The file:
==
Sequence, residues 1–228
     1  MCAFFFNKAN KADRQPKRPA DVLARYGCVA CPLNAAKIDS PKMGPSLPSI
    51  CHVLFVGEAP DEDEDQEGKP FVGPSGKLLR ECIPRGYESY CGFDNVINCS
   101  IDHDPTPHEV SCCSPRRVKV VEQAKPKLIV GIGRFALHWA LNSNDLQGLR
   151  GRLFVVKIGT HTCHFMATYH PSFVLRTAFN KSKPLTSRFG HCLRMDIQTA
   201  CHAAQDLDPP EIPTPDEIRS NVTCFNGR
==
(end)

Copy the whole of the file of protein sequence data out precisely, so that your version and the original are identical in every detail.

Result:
Sequence, residues 1–228
     1  MCAFFFNKAN KADRQPKRPA DVLARYGCVA CPLNAAKIDS PKMGPSLPSI
    51  CHVLFVGEAP DEDEDQEGKP FVGPSGKLLR ECIPRGYESY CGFDNVINCS
   101  IDHDPTPHEV SCCSPRRVKV VEQAKPKLIV GIGRFALHWA LNSNDLQGLR
   151  GRLFVVKIGT HTCHFMATYH PSFVLRTAFN KSKPLTSRFG HCLRMDIQTA
   201  CHAAQDLDPP EIPTPDEIRS NVTCFNGR